Household food insecurity: Associations with disordered eating behaviours and overweight in a population-based sample of adolescents

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OBJECTIVE: To examine how household food insecurity is related to adolescent weight status and disordered eating.

DESIGN: Cross-sectional, population-based study. Adolescents self-reported unhealthy weight control behaviours, binge eating and meal frequency; weight status was measured. Household food insecurity was assessed by asking parents to respond to the validated six-item US Household Food Security Survey Module.

SETTING: Adolescents surveyed within Minneapolis/St. Paul public middle and high schools completed surveys at school, and their parents/guardians were surveyed by mail during the 2009-2010 academic year.

PARTICIPANTS: Ethnically/racially diverse, primarily low-income adolescents (mean age: 14·4 years, range: 10-22 years) and their parents/guardians (n 2285 dyads).

RESULTS: More than one-third (38·9 %) of the adolescents experienced past-year household food insecurity, 43·2 % reported disordered eating and 39·6 % were overweight. Generalised regression models showed that food insecure (FI) compared with food secure (FS) adolescents had higher prevalence of overweight (FI: 42·3 % v. FS: 37·9 %, P = 0·039), lower breakfast consumption (FI: 4·1 times/week v. FS: 4·4 times/week, P = 0·005) and greater use of unhealthy weight control behaviours (FI: 49·0 % v. FS: 39·5 %, P < 0·001) in unadjusted models. Models adjusted for parental education, ethnicity/race, sex and age found that food insecurity was associated with higher prevalence of unhealthy weight control behaviours (FI: 44·5 % v. FS: 37·8 %, P = 0·007), but not with weight status or other eating behaviours.

CONCLUSIONS: These results suggest that food insecurity may be an independent risk factor for unhealthy weight control behaviours, indicating a need to approach these intersecting issues in a comprehensive manner.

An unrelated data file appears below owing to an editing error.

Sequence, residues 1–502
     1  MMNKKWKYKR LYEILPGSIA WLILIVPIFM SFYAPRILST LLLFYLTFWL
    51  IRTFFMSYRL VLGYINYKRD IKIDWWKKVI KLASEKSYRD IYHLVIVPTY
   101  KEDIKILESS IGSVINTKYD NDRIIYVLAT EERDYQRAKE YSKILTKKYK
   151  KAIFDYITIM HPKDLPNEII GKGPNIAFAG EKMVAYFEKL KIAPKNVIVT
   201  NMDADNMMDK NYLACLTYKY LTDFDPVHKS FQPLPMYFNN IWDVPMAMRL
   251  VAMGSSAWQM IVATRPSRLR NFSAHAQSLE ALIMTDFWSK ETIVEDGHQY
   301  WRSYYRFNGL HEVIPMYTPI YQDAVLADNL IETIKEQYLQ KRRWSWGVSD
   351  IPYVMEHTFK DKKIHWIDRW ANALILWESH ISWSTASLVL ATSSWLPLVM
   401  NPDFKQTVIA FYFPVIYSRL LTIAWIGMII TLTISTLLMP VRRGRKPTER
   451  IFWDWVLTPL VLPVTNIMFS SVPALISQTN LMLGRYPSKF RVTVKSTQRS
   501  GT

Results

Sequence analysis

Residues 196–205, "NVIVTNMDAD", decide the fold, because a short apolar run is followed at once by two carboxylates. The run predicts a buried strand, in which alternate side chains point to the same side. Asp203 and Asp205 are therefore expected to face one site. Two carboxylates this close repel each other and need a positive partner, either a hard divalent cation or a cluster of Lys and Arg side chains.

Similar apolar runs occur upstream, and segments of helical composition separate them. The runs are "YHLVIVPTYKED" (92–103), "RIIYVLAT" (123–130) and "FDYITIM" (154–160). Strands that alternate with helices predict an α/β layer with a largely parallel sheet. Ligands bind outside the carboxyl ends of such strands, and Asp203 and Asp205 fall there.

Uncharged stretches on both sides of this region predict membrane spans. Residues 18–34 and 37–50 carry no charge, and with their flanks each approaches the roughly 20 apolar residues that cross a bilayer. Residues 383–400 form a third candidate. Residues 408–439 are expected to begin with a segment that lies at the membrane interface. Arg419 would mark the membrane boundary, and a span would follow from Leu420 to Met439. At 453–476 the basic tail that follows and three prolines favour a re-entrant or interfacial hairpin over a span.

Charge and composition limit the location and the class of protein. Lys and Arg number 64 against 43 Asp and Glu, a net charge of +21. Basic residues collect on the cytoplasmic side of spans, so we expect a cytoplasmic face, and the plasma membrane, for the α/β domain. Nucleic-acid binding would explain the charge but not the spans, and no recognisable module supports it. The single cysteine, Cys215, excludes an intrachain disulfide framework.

Original languageEnglish (US)
Pages (from-to)3126-3135
Number of pages10
JournalPublic health nutrition
Issue number17
StatePublished - Dec 2020

Bibliographical note

Funding Information:
Acknowledgements: None. Financial support: This study was supported by grant numbers R01HL127077 and R35HL139853 from the National Heart, Lung, and Blood Institute (PI: D.N.-S.). L.H. was supported by grant number 5 T79MC00007-31-00 from Health Resources and Services Administration Maternal and Child Health Bureau. The content is solely the responsibility of the authors and does not necessarily represent the official views of the National Heart, Lung, and Blood Institute, the National Institutes of Health, or the Health Resources and Services Administration Maternal and Child Health Bureau. Conflicts of interest: None. Authorship: All authors helped conceptualise the analysis plan, assisted with interpretation of the results, contributed to writing the manuscript and thoroughly reviewed the final manuscript. In addition, L.H. formulated the research question, conducted statistical analysis and drafted the manuscript. S.T. oversaw the statistical analysis. N.L. helped with statistical analysis. S.M.M. helped formulate the research question. D.N.-S. conceptualised the larger Project EAT study design and oversaw data collection. Ethics of human subject participation: This study was conducted according to the guidelines laid down in the Declaration of Helsinki, and all procedures involving research study participants were approved by the University of Minnesota’s Institutional Review Board Human Subjects Committee. Written informed assent or consent was obtained from all participants.

Publisher Copyright:
© The Authors 2020.


  • Adolescents
  • Disordered eating
  • Eating behaviour
  • Food insecurity
  • Obesity


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